Forum Replies Created
February 20, 2017 at 8:23 am #128501
I have sympathy and your feelings of guilt. Since you talk in Christian terms – guilt is a product of the devil. Guilt is evil. Or, I can simply say it is not a useful tool to help anyone and so should be removed from the toolbox of helpful things. Knowledge of what is right and wrong and compassion for yourself and others are useful tools and so use those to the fullest.
Guilt is like a punishment; it like hitting a kid who lies, and telling him how bad he is. Knowledge is sitting with the kid, and explaining why he shouldn’t lie. A kind God wants us to learn and that is it. He does not want to punish. That is a myth that is leftover over from days where people make sacrifices to the gods to please them.
I hope you can first of all have compassion for yourself, and understand that you were seeking connection like all human beings. You are also know that you have hurt her because she wants something more.
But you are not responsible for her feelings. This is great lesson that is expressed over and over again on this website. It is really true. Think of cases where a parent abuses a child. That child, even with horrible things done to him, once he is an adult is still responsible for his actions.
You are not responsible for her. She needs to take responsibility for herself. You should not feel bad about ending contact with her, just end it in as a loving way as possible. She will probably not be able to move on unless you end contact with her, based on how you describe her – maybe like in a year from now, you could just be friends. But if you do stay in touch now, I think you need to tell her your boundries and stick to them, one of them being – I will not respond to any accusation.
BestMay 31, 2015 at 3:31 pm #77537
Thank you for sharing your story, sam123. I don’t have any advice but I can relate. Anita I appreciated your advice above, and also the other ideas I have heard.March 9, 2015 at 6:42 pm #73767
I agree with everything said above. Sometimes you just need what people say to jibe with what is in your heart. There is no way this man is the one who is going to care for you and love you. No way. He hasn’t had time to learn how to treat a woman right. By the time he does, you will have moved on. As far as letting go, the biggest way to start helping yourself, is to take a step away from the thought of him, have compassion on yourself, and say to yourself, O I am thinking about this again. Look, there go those thoughts again. After you accept it for a while you can let the thought go, until it comes around again. Thoughts and feelings are not really us. They are just our attachments to this world. Our true self is full of compassion, and tries to look at these thoughts with compassion and even humor – Ah, yes, from the perspective history of the whole human race – look at this thought tangle I have.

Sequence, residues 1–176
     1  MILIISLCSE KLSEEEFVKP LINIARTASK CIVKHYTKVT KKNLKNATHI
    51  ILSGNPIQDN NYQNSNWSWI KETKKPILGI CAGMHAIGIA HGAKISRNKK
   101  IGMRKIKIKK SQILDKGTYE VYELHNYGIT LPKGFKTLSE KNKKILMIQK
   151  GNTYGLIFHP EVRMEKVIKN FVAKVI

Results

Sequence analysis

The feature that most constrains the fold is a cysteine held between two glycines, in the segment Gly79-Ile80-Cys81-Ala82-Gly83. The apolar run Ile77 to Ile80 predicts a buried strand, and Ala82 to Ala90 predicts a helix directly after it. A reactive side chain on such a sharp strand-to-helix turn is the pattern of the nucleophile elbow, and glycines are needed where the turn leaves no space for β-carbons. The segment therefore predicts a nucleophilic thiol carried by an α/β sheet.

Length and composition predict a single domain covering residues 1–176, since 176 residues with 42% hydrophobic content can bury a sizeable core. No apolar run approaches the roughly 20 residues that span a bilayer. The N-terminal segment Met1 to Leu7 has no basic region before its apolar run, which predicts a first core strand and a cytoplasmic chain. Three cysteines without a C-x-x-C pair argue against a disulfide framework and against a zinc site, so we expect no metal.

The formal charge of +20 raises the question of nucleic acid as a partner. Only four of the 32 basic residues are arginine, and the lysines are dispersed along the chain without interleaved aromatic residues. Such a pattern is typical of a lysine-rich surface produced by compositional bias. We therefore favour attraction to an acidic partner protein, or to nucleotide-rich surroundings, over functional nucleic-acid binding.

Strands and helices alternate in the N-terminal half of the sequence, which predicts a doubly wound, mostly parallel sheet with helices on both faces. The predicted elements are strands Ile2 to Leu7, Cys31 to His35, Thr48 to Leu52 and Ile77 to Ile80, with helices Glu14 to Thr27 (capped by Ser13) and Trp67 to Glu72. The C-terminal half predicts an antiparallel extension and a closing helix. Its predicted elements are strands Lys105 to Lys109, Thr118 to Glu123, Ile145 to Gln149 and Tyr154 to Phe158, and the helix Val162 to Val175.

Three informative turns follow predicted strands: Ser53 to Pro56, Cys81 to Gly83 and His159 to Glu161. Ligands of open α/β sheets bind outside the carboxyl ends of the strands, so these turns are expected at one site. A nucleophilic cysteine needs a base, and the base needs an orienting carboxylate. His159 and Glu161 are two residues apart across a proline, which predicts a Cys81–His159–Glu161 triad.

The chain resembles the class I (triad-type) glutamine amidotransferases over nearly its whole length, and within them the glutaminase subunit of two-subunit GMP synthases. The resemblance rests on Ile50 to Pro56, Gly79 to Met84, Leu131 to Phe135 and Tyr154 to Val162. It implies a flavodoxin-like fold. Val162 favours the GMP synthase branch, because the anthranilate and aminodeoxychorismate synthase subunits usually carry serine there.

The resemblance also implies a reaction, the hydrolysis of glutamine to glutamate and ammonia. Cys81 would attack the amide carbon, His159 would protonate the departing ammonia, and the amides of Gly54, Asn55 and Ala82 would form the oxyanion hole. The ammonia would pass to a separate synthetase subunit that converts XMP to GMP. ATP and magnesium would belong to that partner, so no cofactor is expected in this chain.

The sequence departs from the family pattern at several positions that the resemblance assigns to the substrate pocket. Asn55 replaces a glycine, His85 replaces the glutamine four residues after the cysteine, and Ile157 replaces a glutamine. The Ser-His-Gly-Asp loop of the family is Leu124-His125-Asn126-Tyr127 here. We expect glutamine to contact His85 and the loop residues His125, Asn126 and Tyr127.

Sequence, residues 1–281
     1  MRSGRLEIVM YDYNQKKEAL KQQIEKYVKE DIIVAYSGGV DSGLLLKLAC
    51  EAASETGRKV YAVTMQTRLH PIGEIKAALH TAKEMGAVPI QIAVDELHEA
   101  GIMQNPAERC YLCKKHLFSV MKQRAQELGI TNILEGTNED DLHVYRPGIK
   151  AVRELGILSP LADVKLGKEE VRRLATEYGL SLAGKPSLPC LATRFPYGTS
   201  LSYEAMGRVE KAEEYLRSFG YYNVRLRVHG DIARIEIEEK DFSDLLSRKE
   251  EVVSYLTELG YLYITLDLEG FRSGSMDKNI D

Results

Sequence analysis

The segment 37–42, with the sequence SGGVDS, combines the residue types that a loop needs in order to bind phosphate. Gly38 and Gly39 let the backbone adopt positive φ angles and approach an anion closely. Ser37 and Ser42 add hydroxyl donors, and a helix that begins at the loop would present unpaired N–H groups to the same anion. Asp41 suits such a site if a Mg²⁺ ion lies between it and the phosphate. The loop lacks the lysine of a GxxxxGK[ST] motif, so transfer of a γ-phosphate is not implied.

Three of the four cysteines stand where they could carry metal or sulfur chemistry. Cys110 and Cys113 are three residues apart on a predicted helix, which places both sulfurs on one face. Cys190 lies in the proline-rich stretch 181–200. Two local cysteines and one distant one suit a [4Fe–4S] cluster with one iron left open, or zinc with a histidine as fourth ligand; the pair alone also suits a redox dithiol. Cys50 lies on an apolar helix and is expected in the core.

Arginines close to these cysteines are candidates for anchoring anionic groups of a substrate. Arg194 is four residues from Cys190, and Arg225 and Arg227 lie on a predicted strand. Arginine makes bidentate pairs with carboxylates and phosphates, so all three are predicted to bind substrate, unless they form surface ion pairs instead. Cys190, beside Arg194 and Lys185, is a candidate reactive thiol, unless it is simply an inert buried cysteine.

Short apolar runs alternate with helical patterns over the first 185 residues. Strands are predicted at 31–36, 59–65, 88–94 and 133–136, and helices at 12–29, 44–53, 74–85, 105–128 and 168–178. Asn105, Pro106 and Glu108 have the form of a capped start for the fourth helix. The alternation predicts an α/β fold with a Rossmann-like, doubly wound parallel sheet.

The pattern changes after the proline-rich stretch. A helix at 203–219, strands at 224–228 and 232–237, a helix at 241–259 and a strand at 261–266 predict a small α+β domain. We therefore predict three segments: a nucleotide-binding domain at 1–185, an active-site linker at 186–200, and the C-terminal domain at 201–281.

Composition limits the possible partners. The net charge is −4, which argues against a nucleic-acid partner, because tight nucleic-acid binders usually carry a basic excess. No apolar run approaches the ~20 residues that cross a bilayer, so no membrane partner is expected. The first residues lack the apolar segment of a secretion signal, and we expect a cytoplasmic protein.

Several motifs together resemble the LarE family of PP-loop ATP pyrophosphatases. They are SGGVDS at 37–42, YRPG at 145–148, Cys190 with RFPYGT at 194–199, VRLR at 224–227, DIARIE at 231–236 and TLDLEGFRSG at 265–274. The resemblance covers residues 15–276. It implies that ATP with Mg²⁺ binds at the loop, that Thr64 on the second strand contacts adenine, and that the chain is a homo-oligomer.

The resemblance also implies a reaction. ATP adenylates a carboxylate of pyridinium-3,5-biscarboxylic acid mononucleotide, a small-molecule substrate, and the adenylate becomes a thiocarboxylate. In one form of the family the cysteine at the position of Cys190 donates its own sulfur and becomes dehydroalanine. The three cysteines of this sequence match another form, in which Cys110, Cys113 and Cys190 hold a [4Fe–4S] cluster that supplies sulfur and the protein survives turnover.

Well, and of course there are many other ways to move forward, and create your beautiful life, but that is one to try. Take care of yourself.March 2, 2015 at 6:56 pm #73453
Hello Annaliskincaid, I think that this great that you want to be a nurse. That sounds like a great plan to start with. Nurses have many opportunities to learn and grow, they make good money, and they help others. Ask around at hospitals and doctors offices and see if you can work there doing any work to gain some experience. Find housing nearby and even apply for subsidized housing. Move somewhere where you can take a bus. Take an online class. Do some “interviewing” – not for a job, but where you call and schedule a 30 minute appointment to ask a nurse how he or she got there, and what suggestions they have. Most people are willing to help, if you give them a choice of when to talk. Ask if you can shadow a nurse for an afternoon. Do something little every day to work towards your goal, even if it is only scheduling in 20 minutes and then journaling about why you want to be a nurse.
I am sorry about your dad.November 18, 2014 at 4:58 pm #68071
My advice is to think of your looking for a job as a full time job. Set aside 40 hours week, and try to spend your time “off” doing things you enjoy. Even if you have other little things to do, don’t let that take time away for your “job” of job searching – you wouldn’t do that if you were employed. Also be open to taking work that you would think you would nottake, like retail, restaurant work, cleaning, etc., even though it doesn’t fit with your degree. You would be surprised how impressive it is to employers that you have shown that you didn’t think you were too smart for a certain type of job. Also a variety of experiences opens your mind, and helps you realize, there is a much wider variety of work opportunities out there than we think.
Also, if you do not like teaching kids, trying volunteering a few hours a week teaching adults. You might be surprised how different it is. Good luck!October 23, 2014 at 6:57 pm #66712
Hi Bill, It is nice to hear you write. It is somehow comforting to know that people older than me struggle. This knowledge gets me away from the idea that I have to have everything worked out at some point in time. (I am in my 30s) Somehow, it easier to accept that I perhaps never will, at least not perfectly. But we can keep trying. I too worry about my path in life. I am not sure if I should stay where I am, or if i should leave, and I think about this question a lot. I have tried to divide my thoughts into two types, when trying to answer life path decisions: worrying and dreaming. If I notice I am worrying (and I don’t always, because I am so caught up in the worry), I try to attend to what is right in front of me. For dreaming, I set aside some particular times, e.g. 30 minutes in the evening, and try to dream about or visualize possibilities.August 4, 2014 at 7:26 am #62575